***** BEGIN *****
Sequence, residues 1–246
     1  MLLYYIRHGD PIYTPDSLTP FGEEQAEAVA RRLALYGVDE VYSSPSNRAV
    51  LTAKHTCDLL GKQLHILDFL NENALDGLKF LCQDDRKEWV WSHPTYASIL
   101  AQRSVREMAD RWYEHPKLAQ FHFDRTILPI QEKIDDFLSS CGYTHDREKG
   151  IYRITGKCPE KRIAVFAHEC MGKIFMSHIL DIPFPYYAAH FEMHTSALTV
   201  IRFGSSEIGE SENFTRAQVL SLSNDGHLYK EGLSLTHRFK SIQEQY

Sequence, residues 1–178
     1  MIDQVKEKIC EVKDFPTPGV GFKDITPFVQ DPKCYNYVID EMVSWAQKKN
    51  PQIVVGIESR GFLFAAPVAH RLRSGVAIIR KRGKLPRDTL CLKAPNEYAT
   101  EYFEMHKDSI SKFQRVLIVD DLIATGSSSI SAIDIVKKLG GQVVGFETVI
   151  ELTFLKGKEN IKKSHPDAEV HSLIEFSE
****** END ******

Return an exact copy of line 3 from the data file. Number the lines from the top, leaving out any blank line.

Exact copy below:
    51  LTAKHTCDLL GKQLHILDFL NENALDGLKF LCQDDRKEWV WSHPTYASIL